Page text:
Category Archives: The war on weather

I hear the pitter patter

Today I saw the city cloaked. The Shard wore a veil to shyly hide its heights while the Gherkin shrugged its shroud about its hunched shoulders in mourning for the Summer passed now beneath the ground. Ben tolled away, concealed as usual, but his mask was sheathed from the rest of us, the spires shooting blindly towards oblivion. Those circling the eye graduated briefly to those hidden heavens, only to return to earth, triumphant or disappointed, depending on the make of them.

Oh wait.

After complaining to you endlessly about first the cold and then the heat, I want to do anything but complain about the sudden onset of constant rain and creeping mist in London.

Therefore I offer up to you instead my equal-top-3-fave-poem EVA…


I can hear you
making small holes
in the silence

If I were deaf
the pores of my skin
would open to you
and shut

And I
should know you
by the lick of you
if I were blind

the something
special smell of you
when the sun cakes
the ground

the steady
drum-roll sound
you make
when the wind drops

But if I
should not hear
smell or feel or see

you would still
define me
disperse me
wash over me

After 6 months of darkness eating at the already grumbling souls of all Londoners, there came a day when we emerged from the Underground squinting and grimacing with pain at the bright hotness in the sky. For at least an hour the entire city stood still, looking up and wondering if we were about to be obliterated by a very slowly-approaching meteor.

The Eye stopped spinning, Big Ben paused mid-clang, and Queen Lizzie took a desolate gulp of gin and finally abdicated to Charles. But then, just as the last hopes of the people were slipping out to sea with the filthy Thames, one brave soul shouted above the utter silence of the fearful millions: ‘It’s the sun!’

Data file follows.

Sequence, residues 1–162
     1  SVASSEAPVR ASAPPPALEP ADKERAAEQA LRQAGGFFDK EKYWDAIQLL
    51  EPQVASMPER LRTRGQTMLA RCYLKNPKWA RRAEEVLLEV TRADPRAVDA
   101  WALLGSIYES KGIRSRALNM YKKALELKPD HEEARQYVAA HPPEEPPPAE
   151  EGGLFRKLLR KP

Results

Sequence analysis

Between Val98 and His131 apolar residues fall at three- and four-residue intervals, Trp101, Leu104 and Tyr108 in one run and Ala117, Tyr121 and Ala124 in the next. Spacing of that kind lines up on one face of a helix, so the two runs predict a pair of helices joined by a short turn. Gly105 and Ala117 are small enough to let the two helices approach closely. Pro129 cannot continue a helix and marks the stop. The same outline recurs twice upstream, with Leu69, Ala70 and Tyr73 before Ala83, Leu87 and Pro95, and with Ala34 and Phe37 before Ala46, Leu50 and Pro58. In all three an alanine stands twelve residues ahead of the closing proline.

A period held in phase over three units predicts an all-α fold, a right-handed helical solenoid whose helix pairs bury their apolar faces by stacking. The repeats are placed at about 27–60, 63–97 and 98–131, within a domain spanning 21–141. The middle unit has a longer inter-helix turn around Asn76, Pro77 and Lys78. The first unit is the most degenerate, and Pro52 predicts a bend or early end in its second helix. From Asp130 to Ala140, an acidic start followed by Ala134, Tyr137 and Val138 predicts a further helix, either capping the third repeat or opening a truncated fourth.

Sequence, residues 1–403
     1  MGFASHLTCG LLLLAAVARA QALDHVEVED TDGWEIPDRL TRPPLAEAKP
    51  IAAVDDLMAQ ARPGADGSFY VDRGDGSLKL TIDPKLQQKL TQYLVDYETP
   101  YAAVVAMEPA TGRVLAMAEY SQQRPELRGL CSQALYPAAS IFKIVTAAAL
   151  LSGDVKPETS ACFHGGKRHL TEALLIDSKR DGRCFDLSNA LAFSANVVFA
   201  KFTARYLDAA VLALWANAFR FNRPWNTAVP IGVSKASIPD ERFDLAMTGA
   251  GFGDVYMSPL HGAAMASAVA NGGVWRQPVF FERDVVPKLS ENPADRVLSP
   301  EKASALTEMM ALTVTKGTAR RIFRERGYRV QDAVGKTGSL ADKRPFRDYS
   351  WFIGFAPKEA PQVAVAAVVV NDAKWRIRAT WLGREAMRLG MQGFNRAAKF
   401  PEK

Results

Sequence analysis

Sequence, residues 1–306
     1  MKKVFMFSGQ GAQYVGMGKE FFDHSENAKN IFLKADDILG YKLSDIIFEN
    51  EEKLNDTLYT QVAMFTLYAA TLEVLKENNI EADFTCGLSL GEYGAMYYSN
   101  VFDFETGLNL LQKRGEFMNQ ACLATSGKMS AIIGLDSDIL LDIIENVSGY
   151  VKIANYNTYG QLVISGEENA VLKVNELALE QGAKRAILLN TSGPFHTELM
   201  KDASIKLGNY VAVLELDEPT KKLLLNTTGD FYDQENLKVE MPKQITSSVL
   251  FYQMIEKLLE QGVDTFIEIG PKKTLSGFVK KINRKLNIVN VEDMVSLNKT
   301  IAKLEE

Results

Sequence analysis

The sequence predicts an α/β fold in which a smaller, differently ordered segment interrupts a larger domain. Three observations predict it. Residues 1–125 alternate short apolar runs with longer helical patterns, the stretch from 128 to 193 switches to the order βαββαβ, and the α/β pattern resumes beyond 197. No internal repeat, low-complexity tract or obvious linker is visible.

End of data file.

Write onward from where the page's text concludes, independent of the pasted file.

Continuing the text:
The sigh was audible as mothers unclutched their children and shop owners doubled the price of sunglasses. Starbucks realised Christmas was finally over and swapped Eggnog Latte for Frappes, all heating systems clanged to a halt and the air con was set to ‘Dubai‘. Schoolboys who’d hit puberty over the Winter suddenly blushed collectively as they really appreciated the un-scarved bosom for the first time.

The commuter set threw off their business casuals and flocked in their pasty nudity to the royal parks, flashing their fluorescent pins and crying aloud ‘GET IN ME, vitamin D!’ Of course 5 minutes later the hail set in and the working classes shuffled back to their now-icy cubicles covered in scratches and muttering about throwing it all in to be a DJ in Ibiza.

Now the people of London are paralysed, staring into cupboards for hours a day deciding whether to tempt fate by leaving the house without a jacket. Winter scarf or Summer scarf? No scarf?! Sandals will bring rain, dresses wind, shoulderless t-shirts snow, and jumpers humid heat. Can I wear a raincoat AND sunglasses?

Tights and cardis are too hot but lower legs and upper arms are not yet safe for work, and so Boots does a roaring trade in buffers and moisturisers and the treadmills at the gym are all taken. Water bills rise dramatically as bathers frantically scrub at their calloused feet, and the optimistic limp along with jandals cutting into the Winter-softened space between their toes.

The city has now segregated into several castes – those who have just returned from an early Summer island holiday (the show-off browns), those who fake it til they make it in death-machines or in a bottle (the streaky yellows), those who have spent every lunch time with their tights rolled down and midriffs bared (the painful pinks), and those who still fear the skyballofskincancer (the alabaster ghosts). As these sects are not allowed by law to mingle, you will see everywhere The Comparison of Forearms, this being the main method of determining social class.

Perhaps most noticeable is the riot of colour and noise. Suddenly the silent streets are teeming with a plague of children, laughing and playing and blatantly flouting the signage present on every council estate: ‘No Ball Games Allowed’. Joining the cacophony are the birds, flocking like biblical locusts to the sudden greenery of the cemetery nearby.

Locals stand on streetcorners confused, as the bare black trees that seemed to loom out of the graveyard like corpses themselves have sprouted never-imagined pink and white blossoms. Google Maps crashes every 10 minutes as Londoners lost in their own neighbourhoods frantically press the ‘locate me’ button.

Hayfever sufferers complain about the plane trees, travellers complain about school holidays, locals complain about tourists, networks complain about tv ratings, commuters complain about the cattle-run of the Central Line, and maybe you’ll complain that I haven’t written a blog in a while.

Well I don’t care – I saw the sun!

Undies, undies, undies, togs!